URBAN GOVERNANCE AND
EMERGENT FORMS OF LEGAL
PLURALISM IN MUMBAI
Legal Pluralism and the Selective State
Studies of legal pluralism in India have for long addressed the issue of the relation between state and non-state legal orders. Particularly the origin of the Indian state legal system in colonial rule has focussed discussions on the question of the imposition of a foreign normative system and its adoption and adaptation within Indian society. The supersession of traditional legal orders and the degree of their displacement by state law (Galanter 1997) have been at issue just as much as their resiliance and lasting determination of social order (Cohn 1959). At the same time that studies have examined the adaptation of state law to local practices others have shown the transformation of custom and religion through state codification (Kolff 1992), an issue that pertained particularly to the state’s accommodation of legal pluralism through the personal status principle in family law.
Thus perspectives on legal pluralism have concentrated on the apparent dichotomy between customary legal norms (religious norms among them) and state law, and the negotiation of this dichotomy in the practices of the state as well as of its citizens. Because of this scholarly commitment to the ‘entities’ of custom and state law and their relationship, there has been little discussion of forms of legal pluralism that [page 30] emerge within the effective administration of justice and entitlements by state and non-state agencies.
It is banal to say that the administration of justice and of law and order in India is not concentrated in the state’s hands (Baxi 1992, 100). Rather, it is fragmented and subject to situational constellations of actors that wield control and apportion rights. Various state and non-state agencies like different state agencies, community organisations, NGOs, and commercial (legal and illegal) enterprises, are involved in the governance of distribution, regulation and adjudication; these define legal institutions in their practices; they offer frames of interpretation and act themselves on specific interpretations of a legal framework; they set rules and practice sanctions and enforce thus certain norms and certain versions of a legal order.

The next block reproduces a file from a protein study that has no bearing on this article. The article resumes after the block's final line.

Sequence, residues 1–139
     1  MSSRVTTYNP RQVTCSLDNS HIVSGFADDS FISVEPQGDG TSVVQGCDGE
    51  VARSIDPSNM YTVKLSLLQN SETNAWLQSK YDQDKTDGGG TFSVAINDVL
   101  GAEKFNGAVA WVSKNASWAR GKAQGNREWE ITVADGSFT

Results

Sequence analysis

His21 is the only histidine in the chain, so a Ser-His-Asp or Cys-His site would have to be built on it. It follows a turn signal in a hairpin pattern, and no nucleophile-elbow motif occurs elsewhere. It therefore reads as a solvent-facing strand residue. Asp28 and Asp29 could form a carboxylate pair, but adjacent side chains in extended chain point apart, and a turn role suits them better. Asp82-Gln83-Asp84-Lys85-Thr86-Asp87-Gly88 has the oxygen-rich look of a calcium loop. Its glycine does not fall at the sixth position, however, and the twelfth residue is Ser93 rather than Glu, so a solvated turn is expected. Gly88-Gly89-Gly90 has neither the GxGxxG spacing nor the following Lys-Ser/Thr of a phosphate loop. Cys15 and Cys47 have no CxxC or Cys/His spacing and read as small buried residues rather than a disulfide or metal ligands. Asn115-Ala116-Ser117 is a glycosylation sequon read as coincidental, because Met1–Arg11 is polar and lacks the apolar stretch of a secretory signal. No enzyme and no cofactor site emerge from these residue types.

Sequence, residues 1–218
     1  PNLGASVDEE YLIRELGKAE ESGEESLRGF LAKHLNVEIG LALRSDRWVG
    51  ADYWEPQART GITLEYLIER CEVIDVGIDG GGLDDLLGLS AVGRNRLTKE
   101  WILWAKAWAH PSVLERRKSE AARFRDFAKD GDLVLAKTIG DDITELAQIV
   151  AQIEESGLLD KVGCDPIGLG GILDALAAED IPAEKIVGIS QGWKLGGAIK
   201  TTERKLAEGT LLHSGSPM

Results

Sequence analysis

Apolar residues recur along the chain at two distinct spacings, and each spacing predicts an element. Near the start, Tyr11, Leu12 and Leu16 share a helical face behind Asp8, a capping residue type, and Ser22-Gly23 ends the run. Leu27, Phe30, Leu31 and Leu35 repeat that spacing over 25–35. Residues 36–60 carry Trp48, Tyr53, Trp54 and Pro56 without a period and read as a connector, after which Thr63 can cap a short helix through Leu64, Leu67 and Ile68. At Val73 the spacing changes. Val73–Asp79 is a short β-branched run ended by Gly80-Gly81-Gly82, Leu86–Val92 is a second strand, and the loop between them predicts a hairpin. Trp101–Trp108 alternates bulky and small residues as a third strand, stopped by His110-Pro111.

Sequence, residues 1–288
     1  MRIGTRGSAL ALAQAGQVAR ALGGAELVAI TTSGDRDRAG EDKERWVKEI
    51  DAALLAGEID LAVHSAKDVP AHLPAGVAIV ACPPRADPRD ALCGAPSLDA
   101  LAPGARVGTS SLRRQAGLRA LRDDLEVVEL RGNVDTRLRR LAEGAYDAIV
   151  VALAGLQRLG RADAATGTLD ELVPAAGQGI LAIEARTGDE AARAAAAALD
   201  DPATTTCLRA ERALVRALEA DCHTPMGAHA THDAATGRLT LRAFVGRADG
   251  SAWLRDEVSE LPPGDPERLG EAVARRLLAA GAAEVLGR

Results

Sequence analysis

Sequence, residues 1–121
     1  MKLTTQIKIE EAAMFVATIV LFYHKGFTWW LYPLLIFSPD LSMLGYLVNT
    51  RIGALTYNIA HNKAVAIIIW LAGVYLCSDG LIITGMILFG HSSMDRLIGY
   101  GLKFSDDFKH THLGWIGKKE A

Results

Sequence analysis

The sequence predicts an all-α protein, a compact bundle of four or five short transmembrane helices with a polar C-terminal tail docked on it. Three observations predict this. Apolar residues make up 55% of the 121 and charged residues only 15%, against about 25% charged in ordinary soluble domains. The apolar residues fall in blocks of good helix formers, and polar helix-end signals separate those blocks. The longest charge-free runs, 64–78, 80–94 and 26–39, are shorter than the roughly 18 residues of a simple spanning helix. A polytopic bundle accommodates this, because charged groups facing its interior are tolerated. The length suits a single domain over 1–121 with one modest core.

These forms of legal pluralism shape much of everyday ordering and disputing in urban India. They relate to formal law and various customary legal orders equally in ways that are eclectic and pragmatic; they involve social norms filtered through the relations of power that shape them. They could be termed ‘unnamed law’ (F. v. Benda-Beckmann 1992, 2) as they do not refer to a specific basis of legitimacy, but rather are produced in the interactions within regimes of governance. These forms of legal pluralism are not new. They have for long determined the operative legal order of (urban) India (Chandarvarkar 1998), differing in the actors who had parts in their constitution, differing in the roles these different actors had within the constellations of governance, and differing as well in the power relations that determined these constellations. Their historic continuities and changes are not subjects of this paper; here these forms of legal pluralism are to be discussed in their relation to the emergence of what I want to call the selective state.